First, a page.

As of January 2016, about 660,000 individuals in the United States are being treated for kidney failure. While dialysis can be an effective solution for some individuals, the current best care for renal failure is a kidney transplant, which offers better health outcomes and is less expensive long term than dialysis. While the initial transplant costs about $90,000 and required post-transplant medicines cost $16,000 per year, dialysis costs about $44,000 per year; most transplants pay for themselves and become cheaper than dialysis after 2 to 3 years. Kidney transplant recipients must take expensive immunosuppressive medications to keep their transplants healthy and working. Medicare currently pays for dialysis and kidney transplants as needed for everyone in the United States. However, while Medicare will cover the cost of transplant medications indefinitely for those 65 and older or disabled, Medicare will only cover transplant medications for 36 months for those under 65. After 36 months, many transplant recipients are not able to afford their medication and stop taking it; many then lose their transplant and have to go back on dialysis.

A doctor preparing a donated kidney for transport.

A doctor preparing a donated kidney for transport.

Multiple professional, patient-centered, and nonprofit groups support changing the law to expand Medicare’s indefinite immunosuppressive drug coverage to anyone in the United States with a kidney transplant. While bills have been introduced multiple times in Congress to address this issue, none have yet passed. A proposal put forward in 2009 was blocked by a major industry coalition who opposed plans to generate cost-savings from dialysis care to pay for the new coverage.  Subsequent proposals have failed to make it to a vote, due both to a Congress unwilling to address more health legislation in the wake of the Affordable Care Act and to real concerns about continued funding for Medicare. While the long term savings will be high, initial funding for such a measure may be difficult to find. Nevertheless, expanding post-transplant drug coverage in this way has substantial advantages both in increased quality of life for patients and in long-term savings for Medicare. Patients, health care professionals, and kidney-focused nonprofit groups should continue to contact their legislators through both private communication and public statements to urge them to expand transplant drug coverage.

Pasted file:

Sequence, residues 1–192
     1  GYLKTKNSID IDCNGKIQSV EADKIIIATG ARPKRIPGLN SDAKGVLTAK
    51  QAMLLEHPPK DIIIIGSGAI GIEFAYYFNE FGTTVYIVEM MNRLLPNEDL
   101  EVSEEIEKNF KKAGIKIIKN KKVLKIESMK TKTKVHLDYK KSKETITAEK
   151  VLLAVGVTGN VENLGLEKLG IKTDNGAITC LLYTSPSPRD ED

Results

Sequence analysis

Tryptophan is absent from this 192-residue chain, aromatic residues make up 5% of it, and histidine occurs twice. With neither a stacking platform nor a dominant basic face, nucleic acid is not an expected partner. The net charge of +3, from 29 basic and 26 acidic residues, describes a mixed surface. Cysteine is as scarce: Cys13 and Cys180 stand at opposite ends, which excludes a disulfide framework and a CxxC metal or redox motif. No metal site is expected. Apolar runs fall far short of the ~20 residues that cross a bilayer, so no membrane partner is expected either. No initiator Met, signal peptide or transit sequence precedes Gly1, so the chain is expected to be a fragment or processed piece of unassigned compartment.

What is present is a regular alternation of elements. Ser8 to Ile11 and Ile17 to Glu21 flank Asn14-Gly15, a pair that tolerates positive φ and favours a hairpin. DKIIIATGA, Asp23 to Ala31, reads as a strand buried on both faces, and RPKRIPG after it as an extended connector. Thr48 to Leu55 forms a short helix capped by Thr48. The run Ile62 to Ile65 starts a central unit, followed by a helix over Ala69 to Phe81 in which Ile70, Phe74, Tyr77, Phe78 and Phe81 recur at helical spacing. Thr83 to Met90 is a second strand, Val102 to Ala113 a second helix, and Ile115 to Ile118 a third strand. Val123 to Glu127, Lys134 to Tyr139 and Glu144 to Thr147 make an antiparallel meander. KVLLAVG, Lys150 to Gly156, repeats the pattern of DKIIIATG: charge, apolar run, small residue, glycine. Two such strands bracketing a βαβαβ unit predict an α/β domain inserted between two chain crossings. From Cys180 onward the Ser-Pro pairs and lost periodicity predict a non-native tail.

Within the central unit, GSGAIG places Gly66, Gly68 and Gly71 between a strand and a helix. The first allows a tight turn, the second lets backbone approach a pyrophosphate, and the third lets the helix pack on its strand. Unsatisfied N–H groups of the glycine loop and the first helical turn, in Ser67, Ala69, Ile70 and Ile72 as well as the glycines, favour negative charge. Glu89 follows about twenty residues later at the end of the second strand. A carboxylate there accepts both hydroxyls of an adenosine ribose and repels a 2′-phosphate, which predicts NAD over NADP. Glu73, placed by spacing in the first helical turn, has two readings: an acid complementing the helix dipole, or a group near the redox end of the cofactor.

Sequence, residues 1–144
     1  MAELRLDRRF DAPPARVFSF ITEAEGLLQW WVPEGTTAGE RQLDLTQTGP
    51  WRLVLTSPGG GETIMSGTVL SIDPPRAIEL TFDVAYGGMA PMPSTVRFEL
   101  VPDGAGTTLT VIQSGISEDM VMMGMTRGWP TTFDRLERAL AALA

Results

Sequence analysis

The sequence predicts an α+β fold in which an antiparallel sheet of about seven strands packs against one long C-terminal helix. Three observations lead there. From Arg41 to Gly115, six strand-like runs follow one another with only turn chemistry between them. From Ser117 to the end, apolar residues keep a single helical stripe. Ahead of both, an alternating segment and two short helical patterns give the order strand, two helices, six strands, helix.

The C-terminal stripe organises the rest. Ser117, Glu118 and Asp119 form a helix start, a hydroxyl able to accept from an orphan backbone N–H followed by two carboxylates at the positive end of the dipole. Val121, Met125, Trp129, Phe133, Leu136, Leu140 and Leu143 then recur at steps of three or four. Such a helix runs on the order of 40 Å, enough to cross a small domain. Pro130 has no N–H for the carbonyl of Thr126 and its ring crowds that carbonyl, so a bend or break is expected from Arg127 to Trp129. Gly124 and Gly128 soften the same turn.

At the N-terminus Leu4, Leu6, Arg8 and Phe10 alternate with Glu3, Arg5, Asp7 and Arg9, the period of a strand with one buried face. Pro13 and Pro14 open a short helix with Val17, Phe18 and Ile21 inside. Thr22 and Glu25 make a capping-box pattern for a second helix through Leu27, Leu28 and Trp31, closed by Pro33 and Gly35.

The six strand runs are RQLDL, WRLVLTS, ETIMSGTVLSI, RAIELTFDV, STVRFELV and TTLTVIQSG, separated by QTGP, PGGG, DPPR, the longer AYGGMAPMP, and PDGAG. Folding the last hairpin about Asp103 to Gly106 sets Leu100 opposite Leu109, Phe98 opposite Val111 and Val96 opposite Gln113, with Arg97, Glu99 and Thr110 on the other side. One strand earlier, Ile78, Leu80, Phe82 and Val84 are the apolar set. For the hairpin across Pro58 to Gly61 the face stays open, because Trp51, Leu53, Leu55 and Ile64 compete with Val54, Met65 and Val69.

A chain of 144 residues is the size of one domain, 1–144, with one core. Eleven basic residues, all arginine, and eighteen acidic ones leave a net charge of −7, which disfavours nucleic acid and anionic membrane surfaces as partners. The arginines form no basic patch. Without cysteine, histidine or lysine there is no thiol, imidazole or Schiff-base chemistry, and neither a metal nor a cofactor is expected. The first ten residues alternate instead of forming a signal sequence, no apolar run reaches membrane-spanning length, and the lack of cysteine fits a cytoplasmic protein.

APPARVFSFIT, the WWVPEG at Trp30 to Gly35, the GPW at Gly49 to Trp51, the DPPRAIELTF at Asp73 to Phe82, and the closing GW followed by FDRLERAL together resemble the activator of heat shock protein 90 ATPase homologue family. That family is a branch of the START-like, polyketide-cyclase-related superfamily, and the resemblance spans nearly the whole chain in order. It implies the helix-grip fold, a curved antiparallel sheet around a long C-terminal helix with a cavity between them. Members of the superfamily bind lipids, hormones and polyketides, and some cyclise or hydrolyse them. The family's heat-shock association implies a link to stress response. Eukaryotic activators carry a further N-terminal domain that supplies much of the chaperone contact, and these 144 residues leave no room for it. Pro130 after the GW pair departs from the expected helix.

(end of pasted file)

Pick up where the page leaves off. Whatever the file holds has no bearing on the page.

Give Thailand’s Migrants their Health Insurance (MHI)

August 20, 2017

In 2011, Thailand was estimated to have 3.7 million migrant workers. They form 5% of the total labour workforce and are estimated to contribute to 6.2% of the Thai national gross domestic product (GDP), or US $ 2 billion dollars in 2005. The majority of these migrants may be displaced, illegal or undocumented. Hence, they do not enjoy health protection through the Social Health Insurance (SHI) private employees provide to workers with a permit. In 2013, the MHI was expanded to include coverage for undocumented workers and other services for a yearly fee of 2100 baht (approximately US $60). Human rights groups applauded Thailand as it became a global leader in universal healthcare for non-citizens. However, reports have surfaced on the refusal of hospitals to register undocumented workers under the MHI, especially in the greater Bangkok metropolitan area.

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Figure 1. Proportion of Non-Thai Citizens in 2011 (adapted from the International Health Policy Program Foundation)

Migrants smuggled to Thailand UN

Figure 2. The UN Office of Drugs and Crime reports Thailand as a destination country for migrant smuggling and labour trafficking

Displaced people due to civil war or poor economic conditions in neighbouring countries, the trafficked, smuggled and asylum seekers all need the MHI to have access to healthcare. Yet, hospitals are given discretion in their interpretation of the policy and face no penalty for refusing migrant workers. A hospital’s refusal to allow a migrant healthcare because they do not have documentation is a violation of the policy and the human right to a standard of living adequate for health and the well-being of a person and his family according to the Universal Declaration of Human Rights 1948 Article 25. Sadly, they are motivated to do so for fiscal survival in fear of the migrant workers over-burdening their resources.

Cambodian migrant worker

Figure 3. Yum, 29, was sold from Cambodia to a Thai fishing boat. He sailed for days at sea before knowing he was sold. After nine months at sea, he escaped. Now with a wife and newborn baby, he is hoping to find work in Thailand again. – The Guardian.